Is this biblical book hedonistic?

Kohelet

A Modern Commentary on Ecclesiastes

By Leonard S. Kravitz and Kerry M. Olitzky

UAHC Press, 2003, 132 pages

 

 

Kohelet, its Hebrew name, Ecclesiastes in English, is one of the
twenty-four books of the Hebrew Bible. Both names mean “assembly” or
“assembler.” The book’s author states that he was the son of King David and a
king in Jerusalem. Yet, we know of no son of David called Kohelet and no one by
that name was a king in Jerusalem. This is one of many problems in this sacred
book.

 

The foremost difficulty is its apparent hedonistic view, such as the following: “Go, eat
your bread with joy and an easy mind. Drink your wine, for God (Elohim) has already approved what you
have done.” “Enjoy life with a woman you love all the fleeting days that are
given to you…for this is what you get out of life and from the exertions that
you labor under the sun.” “Understanding is better than giving sacrifices as
fools do.” “What happens to people, happens to animals…. Being human has no
advantage over being a beast. Everything is useless,” a view far different from
traditional Jewish thinking. Besides the apparent hedonism, Kohelet is also a
misogynist, as when he writes: “a woman is bitterer than death. She is a trap.
Her heart is a snare. Her hands are chains. He who has God’s favor avoids her.”

 

Second, the word Elohim frequently but not always means
God in the Hebrew Bible, but it literally means “the powerful one,” and is also
used to describe a judge and strong people. Kohelet
uses it thirty six times, as in the above quote, and he may not be
referring to the deity in all of these verses. He may mean nature or the way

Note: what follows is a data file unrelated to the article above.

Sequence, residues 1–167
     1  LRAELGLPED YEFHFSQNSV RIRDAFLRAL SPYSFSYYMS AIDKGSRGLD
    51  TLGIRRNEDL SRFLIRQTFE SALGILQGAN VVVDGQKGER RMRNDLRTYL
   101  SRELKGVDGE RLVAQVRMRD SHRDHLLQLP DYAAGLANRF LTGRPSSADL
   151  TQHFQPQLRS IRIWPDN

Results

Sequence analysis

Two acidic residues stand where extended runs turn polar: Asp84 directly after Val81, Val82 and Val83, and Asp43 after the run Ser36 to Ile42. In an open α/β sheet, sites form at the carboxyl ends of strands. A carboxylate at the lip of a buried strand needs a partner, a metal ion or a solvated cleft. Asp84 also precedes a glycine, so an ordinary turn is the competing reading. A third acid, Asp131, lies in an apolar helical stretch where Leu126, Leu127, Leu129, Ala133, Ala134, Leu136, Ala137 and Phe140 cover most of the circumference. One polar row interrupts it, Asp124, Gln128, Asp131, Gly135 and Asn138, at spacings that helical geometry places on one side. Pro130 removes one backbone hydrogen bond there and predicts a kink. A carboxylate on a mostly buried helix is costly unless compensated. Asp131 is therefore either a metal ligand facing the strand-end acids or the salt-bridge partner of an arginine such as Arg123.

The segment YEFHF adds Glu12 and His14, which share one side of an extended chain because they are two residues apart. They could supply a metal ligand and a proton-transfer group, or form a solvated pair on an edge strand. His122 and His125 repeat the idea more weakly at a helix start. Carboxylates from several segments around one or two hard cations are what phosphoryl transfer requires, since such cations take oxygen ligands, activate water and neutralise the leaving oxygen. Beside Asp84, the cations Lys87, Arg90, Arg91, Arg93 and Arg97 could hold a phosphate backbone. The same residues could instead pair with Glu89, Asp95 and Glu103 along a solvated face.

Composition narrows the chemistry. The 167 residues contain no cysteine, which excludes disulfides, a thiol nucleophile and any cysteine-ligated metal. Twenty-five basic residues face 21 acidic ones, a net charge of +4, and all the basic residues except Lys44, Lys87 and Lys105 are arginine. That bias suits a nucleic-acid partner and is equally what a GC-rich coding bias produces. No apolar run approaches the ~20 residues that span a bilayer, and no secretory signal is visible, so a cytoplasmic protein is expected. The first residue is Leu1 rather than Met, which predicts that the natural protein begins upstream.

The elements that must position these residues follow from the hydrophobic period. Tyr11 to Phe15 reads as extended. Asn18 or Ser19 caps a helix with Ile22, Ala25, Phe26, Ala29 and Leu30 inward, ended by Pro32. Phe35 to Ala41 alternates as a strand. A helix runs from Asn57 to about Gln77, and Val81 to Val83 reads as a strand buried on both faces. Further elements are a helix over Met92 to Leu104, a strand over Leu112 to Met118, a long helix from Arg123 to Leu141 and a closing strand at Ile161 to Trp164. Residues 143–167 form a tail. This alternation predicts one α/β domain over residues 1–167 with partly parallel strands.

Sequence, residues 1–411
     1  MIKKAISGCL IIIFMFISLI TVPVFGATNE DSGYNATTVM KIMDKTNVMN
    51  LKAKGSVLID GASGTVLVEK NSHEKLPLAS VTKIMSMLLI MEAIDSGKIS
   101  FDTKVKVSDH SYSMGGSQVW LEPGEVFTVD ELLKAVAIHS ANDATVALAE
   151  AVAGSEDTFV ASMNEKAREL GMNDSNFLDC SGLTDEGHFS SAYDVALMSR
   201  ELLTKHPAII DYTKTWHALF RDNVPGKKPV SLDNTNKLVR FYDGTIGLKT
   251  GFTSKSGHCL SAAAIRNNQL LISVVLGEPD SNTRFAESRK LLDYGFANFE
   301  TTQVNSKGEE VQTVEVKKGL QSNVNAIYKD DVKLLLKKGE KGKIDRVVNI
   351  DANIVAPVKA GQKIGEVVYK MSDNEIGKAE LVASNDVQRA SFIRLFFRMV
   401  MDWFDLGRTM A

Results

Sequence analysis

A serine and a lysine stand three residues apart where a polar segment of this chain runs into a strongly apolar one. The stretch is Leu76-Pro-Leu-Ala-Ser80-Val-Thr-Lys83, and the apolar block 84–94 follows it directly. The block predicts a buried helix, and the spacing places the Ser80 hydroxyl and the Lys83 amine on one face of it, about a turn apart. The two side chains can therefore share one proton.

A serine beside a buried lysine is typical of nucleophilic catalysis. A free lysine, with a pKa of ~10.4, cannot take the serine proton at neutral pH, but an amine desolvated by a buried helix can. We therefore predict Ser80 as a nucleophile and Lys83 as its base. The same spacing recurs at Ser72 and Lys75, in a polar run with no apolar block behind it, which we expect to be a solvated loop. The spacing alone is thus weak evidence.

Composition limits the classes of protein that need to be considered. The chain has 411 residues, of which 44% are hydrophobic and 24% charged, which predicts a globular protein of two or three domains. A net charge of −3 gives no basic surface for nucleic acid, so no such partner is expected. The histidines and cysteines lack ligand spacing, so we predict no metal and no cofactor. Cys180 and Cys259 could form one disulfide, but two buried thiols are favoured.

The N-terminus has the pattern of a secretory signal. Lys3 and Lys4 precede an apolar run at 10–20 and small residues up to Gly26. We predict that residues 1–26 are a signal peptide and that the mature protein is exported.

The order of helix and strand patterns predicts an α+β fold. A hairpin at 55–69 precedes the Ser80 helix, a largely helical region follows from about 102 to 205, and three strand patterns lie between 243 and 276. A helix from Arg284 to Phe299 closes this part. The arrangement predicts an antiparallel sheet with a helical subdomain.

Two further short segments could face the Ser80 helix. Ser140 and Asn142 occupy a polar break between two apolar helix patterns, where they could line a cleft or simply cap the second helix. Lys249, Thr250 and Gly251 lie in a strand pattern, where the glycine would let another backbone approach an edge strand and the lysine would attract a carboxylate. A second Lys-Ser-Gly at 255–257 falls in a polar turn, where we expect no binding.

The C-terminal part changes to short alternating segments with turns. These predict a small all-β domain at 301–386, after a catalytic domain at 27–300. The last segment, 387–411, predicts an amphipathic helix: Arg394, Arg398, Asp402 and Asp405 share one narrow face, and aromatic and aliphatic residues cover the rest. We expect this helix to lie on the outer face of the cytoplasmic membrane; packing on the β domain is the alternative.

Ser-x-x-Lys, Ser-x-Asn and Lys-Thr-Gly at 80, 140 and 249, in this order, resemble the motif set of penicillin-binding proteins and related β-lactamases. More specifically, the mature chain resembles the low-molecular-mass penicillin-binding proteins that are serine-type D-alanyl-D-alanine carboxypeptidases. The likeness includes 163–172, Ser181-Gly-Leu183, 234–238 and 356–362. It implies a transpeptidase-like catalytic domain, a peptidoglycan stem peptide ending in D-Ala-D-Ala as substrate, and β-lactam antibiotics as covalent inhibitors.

things are in the world. Thus, in the above quote he may be saying enjoy all
the fine things in life for this is natural, the best way to live.

 

Third, many verses seem to contradict one another, as if a second and perhaps even a third editor
tried to modify or revise the author’s seemingly audacious and possibly
heterodox declarations  into views
generally held by most Jews. The hand of another writer is especially clear in
the final six verses of the book where the text switches from Kohelet speaking
to another person who describes Kohelet as a wise man, a teacher, a writer of
parables and truth. Then, after a book filled with seemingly hedonistic views,
the volume ends by saying that people should “revere God and keep His
commandments, for this is the whole of man.” If these are the words of an
editor, the original version of Kohelet
ends in 12:8, just as it began, “Total uselessness, says Kohelet, everything is
useless.”

 

In the second century of the Common Era, the rabbis debated whether to include Kohelet, which was most likely composed around the second century BCE, in the Hebrew Bible canon. Some rabbis opposed
it, but it was included. Kravitz and Olitzky offer readers a new translation of
the book and a commentary on every verse. Thus, the traditional, “Vanity of
vanities, says Kohelet, vanity of vanities, all is vanity,” is rendered “It is
all useless, Kohelet said, it is all useless. Everything is useless.” Virtually
all the commentaries that they use are from Rashi (1040-1105) and the Aramaic
translation of the book, which is actually an interpretation. Rashi relied on this Aramaic work, which was
most likely composed after the completion of the Babylonian Talmud in the
mid-sixth century and before the Arab conquest of Israel in the seventh.
Kravitz and Olitzky also have some commentaries of Abraham ibn Ezra
(1089-1164); including some notions that Kohelet
is referring to the powers of astrology. These sources do not explain the
plain meaning of the Kohelet
passages. They portray Kohelet as a very religious man who is encouraging his
readers to accept and follow the proper way to serve God and to act with moral
behavior. Thus, for example, although Kohelet doesn’t mention punishment for
misdeeds after death, they read it into his words. Rashi interprets the
statement about women, mentioned above, as referring to heretical beliefs that
must be avoided, not women. Also, the Aramaic translation frequently states
that Kohelet is speaking of past events that should be emulated, such as some
religious act performed by the patriarch Abraham.

 

The authors include several pages after each of Kohelet’s
twelve chapters explaining different concepts, such as the Davidic kingdom and
its restoration, and “Gleanings” from other books that touch upon ideas in the
chapters. Whether readers of the original Kohelet
prefer to accept its plain meaning or favor the homiletical versions, Kohelet is a good book to provoke thought.

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